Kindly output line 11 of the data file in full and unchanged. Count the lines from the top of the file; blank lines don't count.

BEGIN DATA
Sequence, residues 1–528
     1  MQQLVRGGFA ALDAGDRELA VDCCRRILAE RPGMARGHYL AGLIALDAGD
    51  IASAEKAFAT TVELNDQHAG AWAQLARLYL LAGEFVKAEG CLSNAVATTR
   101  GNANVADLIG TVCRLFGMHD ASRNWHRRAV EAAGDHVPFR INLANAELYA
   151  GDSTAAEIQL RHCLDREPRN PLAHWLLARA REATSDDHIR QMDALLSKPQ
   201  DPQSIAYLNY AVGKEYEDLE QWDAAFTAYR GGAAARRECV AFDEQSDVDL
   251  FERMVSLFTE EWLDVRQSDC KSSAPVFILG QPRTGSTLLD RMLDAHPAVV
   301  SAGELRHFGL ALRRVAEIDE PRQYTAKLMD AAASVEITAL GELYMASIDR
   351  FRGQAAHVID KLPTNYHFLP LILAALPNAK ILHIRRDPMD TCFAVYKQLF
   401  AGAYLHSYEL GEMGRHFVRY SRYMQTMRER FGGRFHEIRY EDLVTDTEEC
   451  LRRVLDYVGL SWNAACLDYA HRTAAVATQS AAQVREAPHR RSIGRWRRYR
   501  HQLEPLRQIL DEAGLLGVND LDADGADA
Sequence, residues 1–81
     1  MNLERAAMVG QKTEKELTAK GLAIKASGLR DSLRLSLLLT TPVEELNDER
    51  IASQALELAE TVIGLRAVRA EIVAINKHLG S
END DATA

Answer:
   451  LRRVLDYVGL SWNAACLDYA HRTAAVATQS AAQVREAPHR RSIGRWRRYR